Arresting Visual Fantasy Creates A Nice Place To Visit, But You Might Not Want To Live There

Devin D. O'Leary
5 min read
“OK. I definitely need more drugs for this.”
Share ::
For true fans, Dave McKean and Neil Gaiman, the minds behind the new fantasy film Mirrormask, need no introduction. For those who haven't followed the comic book industry for the last couple decades, Gaiman is the award-winning writer of the groundbreaking fantasy series Sandman. McKean is his longtime collaborator, the creator behind most of the elaborate cover art that graced the Sandman series over its long life. If, by chance, you've never read the Sandman series, I suggest you go out right now and purchase each and every issue.

Now, Brits Gaiman and McKean have collaborated again. Gaiman once more takes pen and paper in hand to script a fairy tale for adults. McKean, however, trades his inks and paints for a movie camera. As the opening credits inform us, Mirrormask is “designed and directed by Dave McKean.” That is a highly apt description, as Mirrormask is as much an art project as it is a narrative film.

The film follows in the grand tradition of Alice in Wonderland, The Wizard of Oz and Labyrinth. (No small wonder on that last one, as much of the creature fabrication here has fallen to the Jim Henson Workshop.) The twist this time around is a subtle, but important one. Our heroine Helena (Stephanie Leonidas) isn't trying to escape her humdrum existence. In fact, her parents own and operate an avant-garde Cirque du Soleil-style circus. Surrounded by jugglers, contortionists and (heaven help the girl) mimes, 15-year-old Helena dreams of running away and joining “real life.”

One day, following a nasty argument, Helena's mother (Gina McKee from Sisterhood of the Traveling Pants and Notting Hill) falls ill. Helena hides her fear and guilt by losing herself in art. It seems the teen is a prodigious doodler, covering the walls of her bedroom in fantastic sketches (provided, of course, by director Dave McKean). On the night of her mother's critical operation, Helena falls asleep and wakes up in a bizarre alternate world that seems to be inspired by her drawings. Creepy towers stretch into a sepia-toned sky. Books are alive. Inky fish swim through the sky. Riddle-hungry sphinxes prowl the smudgy alleyways. And everyone wears a mask. Except Helena, of course, who sticks out like a sore thumb.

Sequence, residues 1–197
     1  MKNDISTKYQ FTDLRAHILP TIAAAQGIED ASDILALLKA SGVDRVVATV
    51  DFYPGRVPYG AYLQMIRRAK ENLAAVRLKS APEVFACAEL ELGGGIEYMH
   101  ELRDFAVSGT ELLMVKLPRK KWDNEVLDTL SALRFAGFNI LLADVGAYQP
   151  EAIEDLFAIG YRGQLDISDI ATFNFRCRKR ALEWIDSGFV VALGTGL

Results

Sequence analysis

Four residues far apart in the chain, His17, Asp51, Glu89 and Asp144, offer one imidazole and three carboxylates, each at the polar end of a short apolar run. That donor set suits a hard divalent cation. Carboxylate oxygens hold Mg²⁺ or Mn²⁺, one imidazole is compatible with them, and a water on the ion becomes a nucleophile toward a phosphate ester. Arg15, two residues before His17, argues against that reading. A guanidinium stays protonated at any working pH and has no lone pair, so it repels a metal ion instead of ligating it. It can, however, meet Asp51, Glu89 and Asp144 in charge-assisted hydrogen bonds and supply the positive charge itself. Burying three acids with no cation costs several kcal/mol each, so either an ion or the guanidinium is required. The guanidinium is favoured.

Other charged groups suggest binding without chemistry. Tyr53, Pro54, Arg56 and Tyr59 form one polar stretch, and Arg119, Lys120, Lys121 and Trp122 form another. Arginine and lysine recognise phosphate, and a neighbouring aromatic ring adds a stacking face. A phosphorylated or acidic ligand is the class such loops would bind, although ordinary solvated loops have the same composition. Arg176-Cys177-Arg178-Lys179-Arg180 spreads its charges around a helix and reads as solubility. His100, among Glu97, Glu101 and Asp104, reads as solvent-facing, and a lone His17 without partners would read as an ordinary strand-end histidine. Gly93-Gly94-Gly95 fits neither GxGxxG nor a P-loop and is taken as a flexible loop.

This unnamed world, it would appear, is split between the City of Light and the City of Shadows. The City of Light is being overrun by darkness because the young Princess of Shadows has run away from home. She was sheltered, briefly, by the Queen of Light (also Gina McKee), who now lies in a deathless sleep. Most of the creatures Helena runs into seem to think she is the runaway princess–including the menacing Queen of Shadows (McKee yet again).

Able to view her own bedroom through the windows in her drawings, Helena soon determines that the Princess–who looks just like her–has traded places with her and is now living her life back in the “real world.” Helena, with the help of a masked juggler named Valentine (Jason Barry), searches for the titular magical talisman which will help get her home.

The world created in Mirrormask is an amazing one. On purely visual terms, Mirrormask is one of the most original films you are likely to see this or any other year. McKean's artwork has always been a sort of multimedia, multilayer collage. In Mirrormask, it's hard to differentiate between real people, masked performers, puppets and computer animation. Despite a contribution from Jim Henson's company, Mirrormask looks nothing like Labyrinth. It looks, quite expectedly, like a living, breathing Dave McKean painting. Some might find his style a bit too sketchy, a tad too murky–like Ralph Steadman on … well, Ralph probably did every drug in creation. Whatever: It's weird. Art is a matter of taste and, personally speaking, I dig McKean's work.

There are those, of course, who will dismiss Mirrormask as nothing more than a flight of visual fancy. I would, however, disagree with that assessment. Gaiman's script is subtle, but features an interesting storyline that goes beyond the typical fantasy quest. The film does require viewers to accept a sort of “dream logic,” but the film's plot holds together quite solidly.

Most stories of this type exist on both physical and metaphysical planes. Like Dorothy's trip to Oz, this entire tale could be chalked up as simply a paranoid nightmare on the part of a troubled kid. Or it could be viewed in purely fairy tale terms. Perhaps Helena has inadvertently traded places with an extradimensional princess. The film works best, however, when you start to key into Gaiman's subtext. Like Alice in Wonderland, Mirrormask is a nonsense-soaked parable about puberty. Helena's “dark princess” is little more than her own fear of growing up, of being a girl who dresses differently, argues with her father, smokes cigarettes and kisses boys.

The bottom line is, if you don't like McKean's style, you won't like this film. Despite the script assist from Gaiman, it is McKean's film through and through. For some, this dark, original, visually arresting fantasy will become a cult favorite. For others, it will simply rest a few confusing notches below the classics.

“What time is it? Time to get a watch

1 2 3 272